The Minnesota Department of Natural Resources last week unveiled a new online tool — the Watershed Health Assessment Framework — that provides easy access to water quality and health information for thousands of Minnesota lakes.

The tool allows users to compare a lake's health measures to nearby lakes, as well as show a lake's relative water quality, biology and hydrology. It also lists features such as the lake's acreage, miles of shore and basin name.

The tool "will benefit anyone who wants to know more about a particular lake's water quality and the health of the aquatic habitat and community in that lake. It will also help guide decisions about lake protection and restoration," said Katie Smith, ecological and water resources division director for the DNR.

The information should also help residents, local government leaders and water resource agencies work together on comprehensive watershed management efforts.

"A healthy lake is one that is nearest to its natural state — free from pollution and with a natural shoreline that protects the bank and filters runoff — which allows it to withstand changing conditions and seasonal fluctuations," Smith said in a news release. "Healthy lakes depend on people who value these resources and invest in the protection and restoration of the water, watershed, and biology."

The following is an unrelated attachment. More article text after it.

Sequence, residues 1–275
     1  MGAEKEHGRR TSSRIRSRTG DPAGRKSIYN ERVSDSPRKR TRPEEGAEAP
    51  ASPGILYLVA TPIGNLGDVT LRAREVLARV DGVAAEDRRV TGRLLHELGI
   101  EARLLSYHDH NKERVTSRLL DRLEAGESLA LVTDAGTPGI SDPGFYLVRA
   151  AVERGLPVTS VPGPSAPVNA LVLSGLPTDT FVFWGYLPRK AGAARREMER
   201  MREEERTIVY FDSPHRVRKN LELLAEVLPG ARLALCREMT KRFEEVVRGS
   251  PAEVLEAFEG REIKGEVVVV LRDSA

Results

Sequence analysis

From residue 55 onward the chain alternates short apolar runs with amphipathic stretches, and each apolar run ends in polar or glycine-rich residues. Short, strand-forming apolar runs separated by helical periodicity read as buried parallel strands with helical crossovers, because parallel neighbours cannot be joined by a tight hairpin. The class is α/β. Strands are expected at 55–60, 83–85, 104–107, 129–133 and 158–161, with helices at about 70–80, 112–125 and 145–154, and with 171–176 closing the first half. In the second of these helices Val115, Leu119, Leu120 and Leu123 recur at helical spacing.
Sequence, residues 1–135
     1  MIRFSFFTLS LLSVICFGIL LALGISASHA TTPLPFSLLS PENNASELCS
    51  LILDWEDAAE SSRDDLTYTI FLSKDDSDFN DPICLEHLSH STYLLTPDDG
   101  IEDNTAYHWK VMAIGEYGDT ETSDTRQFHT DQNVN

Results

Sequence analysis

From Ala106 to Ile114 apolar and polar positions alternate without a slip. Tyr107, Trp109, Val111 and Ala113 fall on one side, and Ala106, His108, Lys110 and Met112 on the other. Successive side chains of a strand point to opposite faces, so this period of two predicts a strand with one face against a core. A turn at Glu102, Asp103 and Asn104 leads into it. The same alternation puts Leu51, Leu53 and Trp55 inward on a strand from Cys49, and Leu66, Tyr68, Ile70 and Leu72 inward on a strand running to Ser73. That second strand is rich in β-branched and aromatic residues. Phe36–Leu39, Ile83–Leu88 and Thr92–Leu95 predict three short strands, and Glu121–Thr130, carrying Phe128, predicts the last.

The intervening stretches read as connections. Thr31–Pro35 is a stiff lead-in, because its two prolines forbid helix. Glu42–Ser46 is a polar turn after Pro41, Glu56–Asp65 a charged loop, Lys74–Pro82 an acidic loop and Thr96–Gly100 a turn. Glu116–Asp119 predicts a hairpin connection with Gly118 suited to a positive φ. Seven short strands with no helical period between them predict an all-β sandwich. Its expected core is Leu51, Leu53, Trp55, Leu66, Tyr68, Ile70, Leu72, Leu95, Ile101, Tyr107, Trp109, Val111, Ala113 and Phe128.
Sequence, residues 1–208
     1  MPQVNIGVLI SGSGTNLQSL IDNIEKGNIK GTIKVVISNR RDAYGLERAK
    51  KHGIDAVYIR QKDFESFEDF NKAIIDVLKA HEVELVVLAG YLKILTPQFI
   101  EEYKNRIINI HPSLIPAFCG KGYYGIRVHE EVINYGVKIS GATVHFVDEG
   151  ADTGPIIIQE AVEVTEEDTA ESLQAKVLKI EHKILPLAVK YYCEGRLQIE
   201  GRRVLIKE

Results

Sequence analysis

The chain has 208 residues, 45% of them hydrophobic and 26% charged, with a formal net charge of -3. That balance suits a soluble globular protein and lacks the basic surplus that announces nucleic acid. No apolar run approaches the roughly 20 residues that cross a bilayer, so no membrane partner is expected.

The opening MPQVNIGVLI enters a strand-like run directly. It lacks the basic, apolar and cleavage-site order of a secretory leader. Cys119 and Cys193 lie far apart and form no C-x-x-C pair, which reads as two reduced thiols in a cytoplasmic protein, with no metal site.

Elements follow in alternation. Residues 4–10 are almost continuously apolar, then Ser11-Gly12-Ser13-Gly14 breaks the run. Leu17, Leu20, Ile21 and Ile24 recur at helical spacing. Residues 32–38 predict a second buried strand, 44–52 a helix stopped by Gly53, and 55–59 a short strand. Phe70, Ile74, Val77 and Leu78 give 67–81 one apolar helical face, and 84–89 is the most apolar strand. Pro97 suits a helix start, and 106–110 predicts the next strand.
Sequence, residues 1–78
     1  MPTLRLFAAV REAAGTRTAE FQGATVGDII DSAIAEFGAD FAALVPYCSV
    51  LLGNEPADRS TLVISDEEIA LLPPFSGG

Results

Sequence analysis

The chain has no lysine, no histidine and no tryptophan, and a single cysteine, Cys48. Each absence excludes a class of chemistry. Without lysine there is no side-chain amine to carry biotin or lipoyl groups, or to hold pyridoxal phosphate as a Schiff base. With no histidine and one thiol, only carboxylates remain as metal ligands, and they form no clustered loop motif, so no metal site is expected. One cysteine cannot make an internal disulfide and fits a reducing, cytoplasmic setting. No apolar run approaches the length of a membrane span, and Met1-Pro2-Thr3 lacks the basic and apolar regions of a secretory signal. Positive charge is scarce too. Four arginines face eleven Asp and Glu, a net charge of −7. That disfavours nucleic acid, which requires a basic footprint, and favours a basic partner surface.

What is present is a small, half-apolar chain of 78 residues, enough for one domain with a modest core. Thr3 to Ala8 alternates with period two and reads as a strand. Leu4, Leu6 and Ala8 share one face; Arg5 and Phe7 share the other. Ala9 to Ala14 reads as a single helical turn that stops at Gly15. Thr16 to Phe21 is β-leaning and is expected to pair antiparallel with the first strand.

The tool can be accessed at



Sheriff's Office launches crime-mapping site

The St. Louis County Sheriff's Office has launched an interactive dashboard that shows incidents of crime and locations — stats that are updated daily at

The map shows crimes against people and property and other offenses that are reportable as part of the National Incident Based Reporting System, the database the Sheriff's Office uses to collect details and analyze statistics.

Data dates back to Jan. 1, 2021, and can be sorted by location, date range and responding agencies, among other criteria.

The crime map shows incidents that happen within the deputies' jurisdiction. Duluth, Hermantown and Virginia use separate records system, according to the county, so the crimes won't be on the map unless a St. Louis County deputy was involved.



USDA pursuing applications to improve rural transportation

The federal government is accepting applications for grants to improve rural transportation systems in the hope that investments can improve rural communities' economic prospects.

The U.S. Department of Agriculture will be accepting applications as part of its Rural Business Development Grants program. Applications are due to the applicant's nearest USDA office by April 19.

Priority will be given to projects that help communities create more and better market opportunities, advance equity and combat climate change. For more information, visit